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In the same way that birds fly, fish swim and animals move, toddlers are designed to toddle. The joy on their faces, from the first steps a child takes, shows that they are indulging in the potential of their freedom of movement (albeit stumbling and tumbling at first). The abilities of biomechanical self-propulsion are a vital component of the human body and a key indicator of healthy development in a child. It is the reason that parents all over the world celebrate ‘baby’s first step’ as one of the major landmarks of them growing up. The early years development stage of a child’s growth is vital to its future. With a whole lifetime ahead of them, it is important to give children the best start as soon as possible and this period of their life is key. The latest neurological research shows a very clear link between physical activity and mental capacity. The early years stage (from 2-5 years old) is particularly prone to this sort of influence because young children are developing so rapidly throughout their bodies.

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There is a good reason why it is called the ‘great’ outdoors, and it is not just because of the vastness of everything outside. It is because the countryside, the fresh air, the freeness to move, run and play, and the human connection that we instinctively feel with nature is better for us than being indoors. The outdoors is truly great! We all know this to be true, but far too many people have allowed themselves to become over-familiar and comfortable with an indoor life. And the bad habits of technology and four walls is amazingly hard to break.

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There have been a wide variety of studies and published psychologists’ opinions around the effects of early conditioning on young children – particularly when it comes to likes and dislikes, belief systems, and personality traits and characteristics. Some say the most impressionable times are 3-11 years old, others claim that 2-6 years old is the most influential period. Whatever the truth of the matter (and perhaps it is just different for each individual), the fact remains that a child’s early years will play a massive role in who they grow up to be. How we teach early-years children, and the experiences they are exposed to – good or bad – will potentially be the single biggest influence in the rest of their lives. So, paying attention to this time in their development is life-critical.

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There are lots of assumptions that it would be easy to make about exercise for young children. Most are dangerous and some could cause them irreparable damage for the rest of their lives. It would, for example, be wrong to assume that young children are full of beans anyway, so we should just let them get on with it. Like the rest of us, unless opportunities are placed in our way to encourage good behaviours we will develop bad habits that will eventually become the norm. Another ‘very wrong’ assumption is that some children are naturally ‘sporty’ and others are more ‘academically’ gifted. This simply is not true.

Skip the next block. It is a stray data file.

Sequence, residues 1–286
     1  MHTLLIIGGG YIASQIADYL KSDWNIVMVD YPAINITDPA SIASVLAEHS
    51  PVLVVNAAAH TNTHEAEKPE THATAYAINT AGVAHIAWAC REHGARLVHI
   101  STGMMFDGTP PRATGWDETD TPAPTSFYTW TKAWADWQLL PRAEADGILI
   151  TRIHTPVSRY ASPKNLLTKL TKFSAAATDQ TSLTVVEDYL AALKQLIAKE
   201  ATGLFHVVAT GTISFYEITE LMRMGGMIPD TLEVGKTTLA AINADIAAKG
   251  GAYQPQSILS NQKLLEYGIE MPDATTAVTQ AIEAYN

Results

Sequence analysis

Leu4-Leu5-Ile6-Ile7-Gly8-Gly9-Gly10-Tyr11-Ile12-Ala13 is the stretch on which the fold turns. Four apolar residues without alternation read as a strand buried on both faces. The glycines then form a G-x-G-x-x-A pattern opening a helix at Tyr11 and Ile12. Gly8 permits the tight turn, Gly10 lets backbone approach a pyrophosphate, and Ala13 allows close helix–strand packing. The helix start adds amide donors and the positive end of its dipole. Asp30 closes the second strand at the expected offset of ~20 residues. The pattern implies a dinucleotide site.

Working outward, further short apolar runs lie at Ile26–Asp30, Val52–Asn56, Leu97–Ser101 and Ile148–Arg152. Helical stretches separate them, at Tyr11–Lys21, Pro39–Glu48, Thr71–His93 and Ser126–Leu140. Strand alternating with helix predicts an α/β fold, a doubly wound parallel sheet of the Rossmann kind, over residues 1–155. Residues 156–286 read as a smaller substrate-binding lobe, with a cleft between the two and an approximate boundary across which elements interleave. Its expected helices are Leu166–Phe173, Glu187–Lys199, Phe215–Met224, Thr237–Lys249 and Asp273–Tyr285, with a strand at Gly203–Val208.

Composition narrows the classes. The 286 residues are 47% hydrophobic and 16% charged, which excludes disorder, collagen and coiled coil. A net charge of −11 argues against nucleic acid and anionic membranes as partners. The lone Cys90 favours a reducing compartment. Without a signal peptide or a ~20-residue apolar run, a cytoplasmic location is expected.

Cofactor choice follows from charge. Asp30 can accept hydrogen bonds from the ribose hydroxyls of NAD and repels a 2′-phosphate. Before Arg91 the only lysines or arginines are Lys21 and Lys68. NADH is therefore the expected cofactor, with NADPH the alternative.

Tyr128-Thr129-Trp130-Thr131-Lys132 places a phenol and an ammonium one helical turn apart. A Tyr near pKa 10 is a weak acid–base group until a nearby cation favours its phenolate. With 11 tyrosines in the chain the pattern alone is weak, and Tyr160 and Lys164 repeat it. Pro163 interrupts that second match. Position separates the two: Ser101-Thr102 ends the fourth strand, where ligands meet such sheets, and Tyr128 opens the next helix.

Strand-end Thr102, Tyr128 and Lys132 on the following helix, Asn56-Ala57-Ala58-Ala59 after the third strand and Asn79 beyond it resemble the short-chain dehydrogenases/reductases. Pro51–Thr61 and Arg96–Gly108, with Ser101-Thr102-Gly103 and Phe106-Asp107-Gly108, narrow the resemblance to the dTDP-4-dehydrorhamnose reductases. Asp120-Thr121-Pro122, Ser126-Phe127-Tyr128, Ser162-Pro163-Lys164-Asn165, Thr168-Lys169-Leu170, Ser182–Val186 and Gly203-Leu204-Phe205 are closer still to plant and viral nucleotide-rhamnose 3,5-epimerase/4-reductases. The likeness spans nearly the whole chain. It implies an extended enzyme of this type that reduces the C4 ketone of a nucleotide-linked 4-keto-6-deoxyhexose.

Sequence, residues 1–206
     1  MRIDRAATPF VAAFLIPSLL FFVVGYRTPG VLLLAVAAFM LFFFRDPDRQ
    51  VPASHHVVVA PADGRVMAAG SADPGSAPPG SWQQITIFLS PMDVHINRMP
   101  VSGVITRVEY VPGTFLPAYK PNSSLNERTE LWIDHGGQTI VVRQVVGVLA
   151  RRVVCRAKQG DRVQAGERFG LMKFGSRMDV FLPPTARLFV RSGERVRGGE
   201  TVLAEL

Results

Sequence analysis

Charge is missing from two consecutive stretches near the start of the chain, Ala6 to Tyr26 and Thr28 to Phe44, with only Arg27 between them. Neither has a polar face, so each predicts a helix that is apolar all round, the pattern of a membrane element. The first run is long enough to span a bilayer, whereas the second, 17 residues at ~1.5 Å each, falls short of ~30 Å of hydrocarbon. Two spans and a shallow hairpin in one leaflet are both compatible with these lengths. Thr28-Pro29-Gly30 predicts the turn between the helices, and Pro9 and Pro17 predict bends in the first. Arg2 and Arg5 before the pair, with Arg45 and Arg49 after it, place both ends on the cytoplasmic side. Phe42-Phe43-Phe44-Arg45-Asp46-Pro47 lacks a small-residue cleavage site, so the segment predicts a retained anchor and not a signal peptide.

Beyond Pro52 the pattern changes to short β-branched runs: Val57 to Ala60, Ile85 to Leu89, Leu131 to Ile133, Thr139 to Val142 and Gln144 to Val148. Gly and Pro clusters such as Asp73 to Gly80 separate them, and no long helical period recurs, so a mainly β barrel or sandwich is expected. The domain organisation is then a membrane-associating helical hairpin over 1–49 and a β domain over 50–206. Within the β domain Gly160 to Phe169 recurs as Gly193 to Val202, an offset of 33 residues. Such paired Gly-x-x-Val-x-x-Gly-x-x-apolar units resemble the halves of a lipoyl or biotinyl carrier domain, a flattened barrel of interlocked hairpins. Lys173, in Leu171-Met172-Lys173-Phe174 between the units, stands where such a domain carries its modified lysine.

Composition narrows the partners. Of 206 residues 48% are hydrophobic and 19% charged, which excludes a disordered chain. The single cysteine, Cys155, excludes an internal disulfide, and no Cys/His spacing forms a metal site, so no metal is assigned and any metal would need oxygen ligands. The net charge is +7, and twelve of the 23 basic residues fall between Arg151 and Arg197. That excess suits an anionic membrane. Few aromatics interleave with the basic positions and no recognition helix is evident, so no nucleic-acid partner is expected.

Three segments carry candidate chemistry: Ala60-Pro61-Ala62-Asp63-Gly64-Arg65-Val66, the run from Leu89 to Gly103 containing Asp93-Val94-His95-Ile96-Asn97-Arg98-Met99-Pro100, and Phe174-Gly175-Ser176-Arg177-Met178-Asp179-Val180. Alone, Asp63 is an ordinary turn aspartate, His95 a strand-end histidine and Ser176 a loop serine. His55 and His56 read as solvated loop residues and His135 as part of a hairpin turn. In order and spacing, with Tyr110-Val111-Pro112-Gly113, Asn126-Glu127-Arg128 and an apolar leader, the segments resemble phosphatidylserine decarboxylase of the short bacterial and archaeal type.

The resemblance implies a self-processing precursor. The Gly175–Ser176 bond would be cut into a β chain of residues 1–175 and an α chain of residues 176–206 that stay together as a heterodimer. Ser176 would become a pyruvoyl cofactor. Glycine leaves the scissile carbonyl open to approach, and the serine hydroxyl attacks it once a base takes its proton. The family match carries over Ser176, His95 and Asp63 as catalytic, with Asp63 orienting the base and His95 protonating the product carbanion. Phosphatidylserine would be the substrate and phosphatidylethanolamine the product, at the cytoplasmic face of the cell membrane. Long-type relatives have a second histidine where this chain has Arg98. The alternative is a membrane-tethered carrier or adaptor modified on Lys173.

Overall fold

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According to the NHS website children under the age of five should not be inactive for long periods of time unless they are sleeping. Included in its ‘inactivity’ descriptions are watching TV, travelling in the car, being strapped in a buggy and other sedentary behaviours. Obviously, these cannot be avoided completely, but awareness is half the cure for almost any issue. The good news is that even light activity can have a significant positive impact on a child’s physical health and mental wellbeing. So you don’t need to push five-year-olds into joining the local running club, taking up mountain biking, or putting them on a ‘future Olympian’ training program to get them moving. Simply encouraging them to walk for part of the buggy ride, stopping for a movement break when on long car journeys, or having a playtime between favourite TV shows would help.

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For most teachers, the time spent planning lessons and administrating their work massively outweighs the time they get to spend actually teaching children. It is one of those ‘chicken and egg’ or ‘having your cake and eating it’ scenarios which is a very real problem in the ultra-busy, modern world in which we live. Imagine if all that a teacher ever had to do was teach!

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All children are born with an innate desire to play. Whether they are shy, outgoing, intellectual or deeply thoughtful by nature, after a few moments of play they will soon be lost in the moment. Studies show that play is an essential part of the way that most children, and even far into adulthood, learn and retain skills and information. Even if you leave a child on their own for any length of time, most will soon start to invent a game of some sort to keep themselves entertained and their brain active. Often, you might even see a lone child acting out their version of a real-life scene that they’ve witnessed their parents or older siblings portray – either with dolls or in their imagination.

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Often when you hear world class athletes talk about their inspirations and influences they will cite a youth leader, a teacher from primary school or someone who ran their local sports club. We refer to our ‘formative years’ as such because things that happen at an early age can easily determine the direction of the rest of a person’s life. Teachers matter a lot!

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